Published Oct 09, 2012To listen to Mala In Cuba with the knowledge that it's the product of one of the godfathers of dubstep is to realize how the genre has changed in the last ten years. The product of a life-changing journey to Cuba, in conjunction with Gilles Peterson's Havana Cultura project, this contains no wobbly bass or centrifugal breakdowns. It is the best electronic extrapolation of the beauty and subtlety of one of the world's great rhythm nations since Bill Laswell's Imaginary Cuba almost 15 years ago. Mala In Cuba treads familiar ground, process-wise, by stitching up disconnected samples of live jams, but succeeds entirely on the basis of Mala's finely developed personal sense of groove. It's impossible not to move while listening to this record. "Changuito" takes all that is wonderful, dynamic and polyrhythmic about master percussionists and marries it to a subsonic bass that welcomes rather than assaults the listener. Less furious tracks like "Como Como" have a chilled vibe that never comes close to the stasis of trip-hop. Best of all, this sounds like the kind of rhythmic experimentation modern-day Cuban artists seek to achieve, so this is no mere trip to an all-inclusive rhythm resort.
Have you always been interested in Cuban music? What sets that island's rhythms apart from other sounds in Latin American music?
Before this project I knew pretty much nothing about Cuba, culture and music. So my eyes, ears and mind were open to new rhythms, colours and textures.
How did the trip come about?
Gilles Peterson has been working with Havana Cultura, making records and compilations to bring through new Cuban musicians. He was asked to go again 2011 he thought about making the project a little different. Luckily for me, he asked me to join him.
Did you have a battle plan for how to compose when you got there? Were there certain musical elements you were looking for?
We went to Cuba with no plan or concept other than to meet and work with musician make an album. I never have a plan, especially not with creation. I'm not that kind of person. When I make music I go with what feels right at the given moment. For me, creation about freedom.
How did you organize the sessions, or did it come together spontaneously?
Roberto Fonseca and his band recorded the main session. They recorded so many different traditional Cuban rhythms for me. I asked them to play at a certain tempo and in some cases a certain time signature. With the recordings, I took them to my studio, stripped it down and rebuilt it. A few musicians came into the studio I was in and just recorded over music I had been making for the album. "Changuito" is an example of that. So is "Calle F." I met the trumpet player at house party in Havana while I was playing a set. He asked to play over the music. I thought he was wanting to MC or sing or rap but he pulled out his trumpet and started playing. He sounded so good over "Lean Fwd" (a track of mine I was playing at the time). So Gilles and I asked him to come studio the next day to record. Eleven a.m. he arrived as requested and the recordings were made.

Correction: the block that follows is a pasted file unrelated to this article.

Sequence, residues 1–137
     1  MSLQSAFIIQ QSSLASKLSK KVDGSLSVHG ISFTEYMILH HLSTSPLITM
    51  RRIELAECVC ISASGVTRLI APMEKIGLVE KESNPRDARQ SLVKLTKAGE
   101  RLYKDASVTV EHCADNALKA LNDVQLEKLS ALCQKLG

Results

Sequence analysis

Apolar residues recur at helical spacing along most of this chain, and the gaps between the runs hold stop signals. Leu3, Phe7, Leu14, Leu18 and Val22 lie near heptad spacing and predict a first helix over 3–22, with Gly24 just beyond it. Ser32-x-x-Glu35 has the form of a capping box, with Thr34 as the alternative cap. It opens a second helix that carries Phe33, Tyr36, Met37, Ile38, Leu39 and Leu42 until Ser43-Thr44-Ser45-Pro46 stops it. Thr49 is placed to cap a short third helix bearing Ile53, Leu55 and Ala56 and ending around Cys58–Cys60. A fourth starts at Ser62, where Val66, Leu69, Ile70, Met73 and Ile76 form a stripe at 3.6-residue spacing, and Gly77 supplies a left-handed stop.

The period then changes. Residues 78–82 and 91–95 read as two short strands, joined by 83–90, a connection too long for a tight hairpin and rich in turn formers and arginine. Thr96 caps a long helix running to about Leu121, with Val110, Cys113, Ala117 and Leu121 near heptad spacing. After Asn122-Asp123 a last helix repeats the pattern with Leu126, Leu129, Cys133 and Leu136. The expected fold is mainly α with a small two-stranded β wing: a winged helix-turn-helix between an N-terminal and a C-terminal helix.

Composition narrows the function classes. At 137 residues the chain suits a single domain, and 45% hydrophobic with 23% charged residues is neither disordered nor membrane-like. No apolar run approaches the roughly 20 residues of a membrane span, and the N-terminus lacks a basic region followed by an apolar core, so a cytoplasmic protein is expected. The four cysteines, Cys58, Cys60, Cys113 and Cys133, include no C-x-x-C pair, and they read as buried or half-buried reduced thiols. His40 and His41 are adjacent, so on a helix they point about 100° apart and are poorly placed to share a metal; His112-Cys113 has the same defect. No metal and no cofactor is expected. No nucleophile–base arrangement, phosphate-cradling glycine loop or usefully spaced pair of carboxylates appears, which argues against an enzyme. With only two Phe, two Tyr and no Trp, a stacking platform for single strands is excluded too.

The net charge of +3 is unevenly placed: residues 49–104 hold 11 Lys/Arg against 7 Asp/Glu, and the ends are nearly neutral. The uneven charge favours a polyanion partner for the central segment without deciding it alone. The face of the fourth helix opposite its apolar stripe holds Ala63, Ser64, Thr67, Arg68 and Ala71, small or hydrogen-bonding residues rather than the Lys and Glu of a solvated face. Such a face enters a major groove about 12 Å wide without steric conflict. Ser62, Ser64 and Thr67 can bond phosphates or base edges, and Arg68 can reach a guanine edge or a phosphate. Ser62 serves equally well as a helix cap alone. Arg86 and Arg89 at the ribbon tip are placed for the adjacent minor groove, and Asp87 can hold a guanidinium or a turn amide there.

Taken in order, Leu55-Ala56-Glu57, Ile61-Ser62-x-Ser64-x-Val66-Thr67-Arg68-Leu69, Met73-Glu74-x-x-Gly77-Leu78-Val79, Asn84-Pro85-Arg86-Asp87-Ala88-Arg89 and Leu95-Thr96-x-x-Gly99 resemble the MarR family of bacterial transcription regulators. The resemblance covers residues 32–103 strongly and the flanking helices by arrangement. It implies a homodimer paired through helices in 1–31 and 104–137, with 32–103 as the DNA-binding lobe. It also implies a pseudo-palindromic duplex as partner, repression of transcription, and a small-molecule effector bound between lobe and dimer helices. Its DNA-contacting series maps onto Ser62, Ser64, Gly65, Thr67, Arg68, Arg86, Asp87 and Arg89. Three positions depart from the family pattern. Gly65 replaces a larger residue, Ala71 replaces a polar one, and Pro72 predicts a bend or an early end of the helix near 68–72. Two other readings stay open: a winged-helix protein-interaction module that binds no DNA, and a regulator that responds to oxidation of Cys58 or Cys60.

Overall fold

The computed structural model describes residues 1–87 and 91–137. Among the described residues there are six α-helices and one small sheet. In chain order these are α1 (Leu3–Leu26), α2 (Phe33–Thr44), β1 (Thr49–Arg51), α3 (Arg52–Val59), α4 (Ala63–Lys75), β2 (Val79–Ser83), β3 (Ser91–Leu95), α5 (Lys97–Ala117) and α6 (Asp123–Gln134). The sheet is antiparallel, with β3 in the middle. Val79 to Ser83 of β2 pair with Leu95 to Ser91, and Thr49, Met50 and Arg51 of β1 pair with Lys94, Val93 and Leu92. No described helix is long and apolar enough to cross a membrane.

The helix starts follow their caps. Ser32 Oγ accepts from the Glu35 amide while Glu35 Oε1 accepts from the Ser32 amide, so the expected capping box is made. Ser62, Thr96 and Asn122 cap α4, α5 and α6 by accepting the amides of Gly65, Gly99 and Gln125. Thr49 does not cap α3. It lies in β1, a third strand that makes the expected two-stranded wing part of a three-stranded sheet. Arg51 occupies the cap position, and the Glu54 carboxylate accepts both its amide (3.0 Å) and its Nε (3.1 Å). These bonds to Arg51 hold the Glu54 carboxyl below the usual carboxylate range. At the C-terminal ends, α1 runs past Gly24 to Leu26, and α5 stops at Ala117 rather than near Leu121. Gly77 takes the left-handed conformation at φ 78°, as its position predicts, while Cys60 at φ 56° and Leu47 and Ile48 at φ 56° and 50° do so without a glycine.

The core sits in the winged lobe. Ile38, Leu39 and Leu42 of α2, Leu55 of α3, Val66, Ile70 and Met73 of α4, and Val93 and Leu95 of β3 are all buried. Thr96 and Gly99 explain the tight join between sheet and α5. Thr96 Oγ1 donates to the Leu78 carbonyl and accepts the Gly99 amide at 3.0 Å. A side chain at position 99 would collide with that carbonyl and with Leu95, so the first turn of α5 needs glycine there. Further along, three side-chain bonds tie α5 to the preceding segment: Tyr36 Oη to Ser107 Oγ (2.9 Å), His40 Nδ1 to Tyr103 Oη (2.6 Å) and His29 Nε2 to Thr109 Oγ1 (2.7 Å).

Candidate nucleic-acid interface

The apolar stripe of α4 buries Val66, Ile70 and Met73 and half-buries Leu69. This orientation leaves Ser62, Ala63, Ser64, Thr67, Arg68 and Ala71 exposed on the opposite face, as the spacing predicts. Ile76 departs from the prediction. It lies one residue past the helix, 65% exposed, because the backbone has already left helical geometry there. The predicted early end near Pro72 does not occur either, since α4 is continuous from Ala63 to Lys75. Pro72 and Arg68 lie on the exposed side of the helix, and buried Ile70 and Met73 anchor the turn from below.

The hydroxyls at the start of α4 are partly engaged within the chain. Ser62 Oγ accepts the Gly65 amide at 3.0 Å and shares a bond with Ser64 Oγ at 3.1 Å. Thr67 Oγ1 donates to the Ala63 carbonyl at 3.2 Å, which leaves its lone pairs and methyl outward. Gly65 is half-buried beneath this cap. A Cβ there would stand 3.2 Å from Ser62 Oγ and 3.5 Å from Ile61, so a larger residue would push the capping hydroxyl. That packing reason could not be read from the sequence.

Others have tried to remix and reconfigure Cuban music over the years from Bill Laswell to Buena Vista Social Club side projects. Were there certain strategies you embraced or avoided?
The only thing I had in my mind is that I wanted to respect the musicians and what they shared with me. They were so open with their music, energy and culture. I'm not Cuban nor am I a classically trained musician, so I had to bring my abstract world to theirs.
When you started piecing together the final product were you concerned about your fans'/UK bass lovers' reactions to what was evolving? Mala In Cuba is somewhat different than the rest of your repertoire.
No. I don't mean that in a confident or arrogant way. I mean, when I make music, I am usually alone in the studio, so I create music based on my own tastes. Despite the approach being different, its frequency design is still sound system. That's just my way. At the end I just felt pleased I was able to start and finish enough music to make an album. I was pleased with what had created. Only when I feel this way can I share it with everyone. I hope people enjoy it, but as they say you can't please everyone.
How would you describe the final result? Has this experience changed your music and life forever?
It's like going into a jungle to explore. You voyage into the unknown, discovering many things new things about yourself, about others, about music and life as a whole. On these types of adventures you never come out the way you went in. I was truly grateful for the experience. Giving thanks.